Butch Cassidy and the Sundance Kid, Midnight Cowboy, and Easy Rider – films in which women are shunted off to the sidelines – are all essentially male romances. In each film, women are present, even loved, but there's no getting past the fact that the deepest, most profoundly spiritual love occurs between the male characters. Women in Love's wrestling scene dramatizes the struggle men face when affection for another man is felt and (in this instance) the societal and morality-imposed roles of "friend" are found to be inadequate.
It's an outstandingly courageous sequence whose confrontational frankness wrests Women in Love out of the past and centers it far and above what most mainstream filmmakers are willing to do today. Who knew? A sequence I only expected to be a feast for the eyes proved to be food for thought as well.
In The Guardian's obituary for Alan Bates, Derek Malcolm writes the following about the actor and his role in Women in Love.
The most famous – some would say notorious – scene from Alan Bates's screen career was the controversial nude wrestling sequence in Ken Russell's adaptation of D. H. Lawrence's Women In Love. Uncharacteristically, since he was an actor who usually rewarded his watchers in more subtle ways, Bates matched the macho Oliver Reed throughout the bout.
Neither actor was at all certain about performing the scene, being terrified, according to Russell, that one or the other's sexual equipment would not look adequate. But they both had a drink at the local pub to discuss the matter and, being comforted that neither was much smaller than the other, agreed to shoot the match. The shock caused by the sequence was considerable at the time, and even now it seems audacious.
This was Bates's most physical role. But his true forte was suggesting the inner turbulence of the characters he played, like that of Ted Burgess in Joseph Losey's The Go-Between or the intruder with Shamanic powers in Jerzy Skolimowski's The Shout (1978). His presence on the screen went far beyond either his looks or bearing.
Finally, about Alan Bate's own sexuality and personal life, Wikipedia notes the following.
Bates was married to Victoria Ward from 1970 until her death in 1992, although they had separated many years earlier. They had twin sons, born in November 1970, the actors Benedick Bates and Tristan Bates. Tristan died following an asthma attack in Tokyo in 1990. Other sources report Tristan died of a heroin overdose in a public toilet.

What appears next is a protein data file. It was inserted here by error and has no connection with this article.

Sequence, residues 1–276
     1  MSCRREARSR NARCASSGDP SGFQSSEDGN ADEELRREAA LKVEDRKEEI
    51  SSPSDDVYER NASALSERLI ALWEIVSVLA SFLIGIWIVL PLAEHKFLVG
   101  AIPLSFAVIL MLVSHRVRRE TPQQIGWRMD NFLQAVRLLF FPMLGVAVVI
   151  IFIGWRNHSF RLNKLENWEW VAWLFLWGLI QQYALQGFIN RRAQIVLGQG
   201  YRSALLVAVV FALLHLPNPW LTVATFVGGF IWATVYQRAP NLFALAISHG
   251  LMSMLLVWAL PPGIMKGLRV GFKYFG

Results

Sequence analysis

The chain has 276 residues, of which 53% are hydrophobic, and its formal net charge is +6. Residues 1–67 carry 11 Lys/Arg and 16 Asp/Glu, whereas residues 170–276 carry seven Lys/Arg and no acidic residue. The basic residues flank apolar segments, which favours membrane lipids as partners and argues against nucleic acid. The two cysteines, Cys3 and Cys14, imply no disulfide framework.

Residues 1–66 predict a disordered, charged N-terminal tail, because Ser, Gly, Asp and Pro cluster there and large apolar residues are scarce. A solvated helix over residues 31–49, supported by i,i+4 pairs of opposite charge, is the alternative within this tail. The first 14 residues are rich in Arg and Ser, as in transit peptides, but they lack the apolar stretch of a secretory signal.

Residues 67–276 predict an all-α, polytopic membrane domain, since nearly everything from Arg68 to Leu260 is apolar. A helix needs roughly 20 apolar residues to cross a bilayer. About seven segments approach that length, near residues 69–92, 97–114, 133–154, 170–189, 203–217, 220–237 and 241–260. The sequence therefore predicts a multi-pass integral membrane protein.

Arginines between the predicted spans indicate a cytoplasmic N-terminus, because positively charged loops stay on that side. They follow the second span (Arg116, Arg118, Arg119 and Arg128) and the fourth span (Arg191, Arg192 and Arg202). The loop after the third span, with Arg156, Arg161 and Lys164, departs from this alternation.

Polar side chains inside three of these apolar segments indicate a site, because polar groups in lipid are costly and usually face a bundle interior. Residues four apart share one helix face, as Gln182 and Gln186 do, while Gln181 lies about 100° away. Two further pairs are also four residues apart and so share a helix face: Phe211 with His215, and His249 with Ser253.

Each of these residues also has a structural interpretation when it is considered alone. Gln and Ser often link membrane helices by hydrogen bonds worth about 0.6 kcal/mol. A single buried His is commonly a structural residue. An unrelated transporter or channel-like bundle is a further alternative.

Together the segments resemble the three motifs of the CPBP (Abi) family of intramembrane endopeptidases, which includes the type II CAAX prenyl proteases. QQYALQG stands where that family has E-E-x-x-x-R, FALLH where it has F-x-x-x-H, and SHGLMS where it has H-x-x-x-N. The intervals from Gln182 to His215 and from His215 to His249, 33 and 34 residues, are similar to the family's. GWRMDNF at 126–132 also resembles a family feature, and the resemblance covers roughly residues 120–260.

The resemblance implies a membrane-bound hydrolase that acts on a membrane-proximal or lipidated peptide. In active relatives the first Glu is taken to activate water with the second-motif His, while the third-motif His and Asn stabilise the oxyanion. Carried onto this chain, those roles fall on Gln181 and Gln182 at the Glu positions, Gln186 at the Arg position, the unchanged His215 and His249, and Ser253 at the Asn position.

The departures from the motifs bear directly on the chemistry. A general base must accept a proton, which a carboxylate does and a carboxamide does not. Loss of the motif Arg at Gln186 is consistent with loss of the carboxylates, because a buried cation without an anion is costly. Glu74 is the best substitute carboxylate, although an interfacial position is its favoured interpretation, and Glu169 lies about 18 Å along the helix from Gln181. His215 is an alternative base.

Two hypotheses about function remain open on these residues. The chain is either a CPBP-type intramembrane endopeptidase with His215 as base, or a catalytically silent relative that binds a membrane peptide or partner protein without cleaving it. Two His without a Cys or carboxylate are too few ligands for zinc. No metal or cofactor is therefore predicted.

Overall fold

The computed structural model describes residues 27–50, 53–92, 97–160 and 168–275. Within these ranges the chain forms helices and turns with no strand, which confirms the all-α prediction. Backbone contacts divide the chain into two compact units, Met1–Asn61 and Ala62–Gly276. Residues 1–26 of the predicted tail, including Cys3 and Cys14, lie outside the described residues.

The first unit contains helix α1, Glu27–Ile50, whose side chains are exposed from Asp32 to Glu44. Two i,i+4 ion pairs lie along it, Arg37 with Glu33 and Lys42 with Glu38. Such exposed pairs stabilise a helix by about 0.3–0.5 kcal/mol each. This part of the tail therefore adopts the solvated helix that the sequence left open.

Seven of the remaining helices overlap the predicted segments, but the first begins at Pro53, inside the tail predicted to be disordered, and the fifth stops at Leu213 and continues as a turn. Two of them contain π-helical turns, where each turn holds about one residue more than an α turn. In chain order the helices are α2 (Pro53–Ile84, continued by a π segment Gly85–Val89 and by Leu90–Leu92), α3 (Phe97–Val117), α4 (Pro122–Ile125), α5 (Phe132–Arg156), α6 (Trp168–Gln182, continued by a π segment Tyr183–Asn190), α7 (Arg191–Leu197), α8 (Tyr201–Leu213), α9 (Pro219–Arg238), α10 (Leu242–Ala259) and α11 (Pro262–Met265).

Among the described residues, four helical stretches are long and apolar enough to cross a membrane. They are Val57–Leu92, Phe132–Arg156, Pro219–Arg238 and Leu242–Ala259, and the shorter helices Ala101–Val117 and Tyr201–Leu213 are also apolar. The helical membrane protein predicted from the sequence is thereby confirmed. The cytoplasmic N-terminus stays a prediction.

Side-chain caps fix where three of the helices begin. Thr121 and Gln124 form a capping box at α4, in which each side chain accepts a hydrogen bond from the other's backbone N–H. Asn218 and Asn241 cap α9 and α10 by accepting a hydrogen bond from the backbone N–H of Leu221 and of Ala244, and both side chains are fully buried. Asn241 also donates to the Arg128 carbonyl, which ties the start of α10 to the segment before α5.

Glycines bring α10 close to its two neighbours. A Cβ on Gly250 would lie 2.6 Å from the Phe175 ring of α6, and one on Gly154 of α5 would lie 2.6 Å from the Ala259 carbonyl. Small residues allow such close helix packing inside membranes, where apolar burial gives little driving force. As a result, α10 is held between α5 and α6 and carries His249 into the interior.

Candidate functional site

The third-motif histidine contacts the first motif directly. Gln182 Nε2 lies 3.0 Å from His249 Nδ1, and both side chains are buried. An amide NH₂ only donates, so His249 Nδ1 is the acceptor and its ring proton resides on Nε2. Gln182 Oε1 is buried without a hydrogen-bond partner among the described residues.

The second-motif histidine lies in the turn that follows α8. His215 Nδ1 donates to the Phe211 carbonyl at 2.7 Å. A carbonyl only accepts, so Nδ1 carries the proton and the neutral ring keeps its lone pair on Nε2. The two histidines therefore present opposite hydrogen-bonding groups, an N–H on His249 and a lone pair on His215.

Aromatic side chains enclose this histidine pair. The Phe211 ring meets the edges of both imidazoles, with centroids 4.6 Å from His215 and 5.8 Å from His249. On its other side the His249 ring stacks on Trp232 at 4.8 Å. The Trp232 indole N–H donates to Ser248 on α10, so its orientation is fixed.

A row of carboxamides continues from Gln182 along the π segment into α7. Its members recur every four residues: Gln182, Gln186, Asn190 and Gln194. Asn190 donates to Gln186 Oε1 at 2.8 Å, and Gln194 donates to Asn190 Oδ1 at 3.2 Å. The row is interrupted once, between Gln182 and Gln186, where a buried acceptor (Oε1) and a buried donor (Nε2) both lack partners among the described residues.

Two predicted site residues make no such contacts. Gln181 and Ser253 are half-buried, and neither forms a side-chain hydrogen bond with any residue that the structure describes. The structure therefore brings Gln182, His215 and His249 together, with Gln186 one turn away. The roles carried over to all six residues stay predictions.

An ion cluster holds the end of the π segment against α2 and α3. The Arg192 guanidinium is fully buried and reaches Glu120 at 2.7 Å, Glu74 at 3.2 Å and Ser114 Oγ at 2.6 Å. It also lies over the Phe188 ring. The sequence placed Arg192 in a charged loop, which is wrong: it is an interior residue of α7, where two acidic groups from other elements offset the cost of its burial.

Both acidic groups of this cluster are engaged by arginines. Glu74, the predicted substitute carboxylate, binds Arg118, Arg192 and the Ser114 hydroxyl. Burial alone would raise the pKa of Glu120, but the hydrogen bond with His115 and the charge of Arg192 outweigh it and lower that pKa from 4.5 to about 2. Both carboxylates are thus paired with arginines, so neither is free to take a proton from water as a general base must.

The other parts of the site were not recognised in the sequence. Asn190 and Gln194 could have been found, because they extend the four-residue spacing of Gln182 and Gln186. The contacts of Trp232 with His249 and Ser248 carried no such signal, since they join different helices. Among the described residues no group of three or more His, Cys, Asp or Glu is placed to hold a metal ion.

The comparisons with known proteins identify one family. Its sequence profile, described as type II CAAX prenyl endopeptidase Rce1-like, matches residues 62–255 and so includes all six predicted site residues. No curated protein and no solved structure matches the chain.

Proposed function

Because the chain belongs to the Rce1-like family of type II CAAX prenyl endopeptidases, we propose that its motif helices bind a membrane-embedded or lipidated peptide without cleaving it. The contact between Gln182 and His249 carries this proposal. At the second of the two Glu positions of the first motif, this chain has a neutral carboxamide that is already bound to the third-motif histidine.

Bates had numerous homosexual relationships throughout his life, including those with actors Nickolas Grace and Peter Wyngarde and with Olympic skater John Curry. In 1994 Curry died from AIDS in Bates' arms. Even when homosexuality was partially decriminalized in Britain in 1967, Bates rigorously avoided interviews and questions about his personal life, and even denied to his male lovers that there was a homosexual component in his nature. While throughout his life Bates sought to be regarded as a ladies' man or at least as a man who, as an actor, could appear attractive to and attracted by women, he also chose to take on many roles with an aspect of homosexuality or bisexuality. He let this part of his life appear as he played the role of the sexually-frustrated Rupert in the 1970 film Women in Love.
In the later years of his life, Bates had a relationship with the Welsh actress Angharad Rees and in the last years, his companion was his lifelong friend, actress Joanna Pettet, his co-star in the 1964 Broadway play Poor Richard. They divided their time between New York and London.
Bates had undergone a hip replacement shortly before being diagnosed with inoperable pancreatic cancer in January 2003. He suffered a stroke later that year, and died in December after going into a coma.
Related Off-site Links:
Alan Bates's Secret Gay Affair with Ice Skater John Curry – Donald Spoto (Daily Mail, May 19, 2007).
Alan Bates: A Man Addicted to Love – Donald Spoto (Daily Mail, May 21, 2007).
Obituary: Sir Alan Bates – Michael Billington (The Guardian, December 29, 2003).
Wrestling: "The Heterosexually Acceptable Form of Homosexual Foreplay" – The Leveret (October 14, 2008).
See also the previous Wild Reed posts:
• Manly Love
• Edward Sellner on the Archetype of the Double and Male Eros, Friendships and Mentoring
• A Fresh Take on Masculinity
• Rockin' with Maxwell
• Integrating Cernunnos, "Archetype of Sensuality and the Instinctual World"
• The Naked Truth . . . in Dance and in Life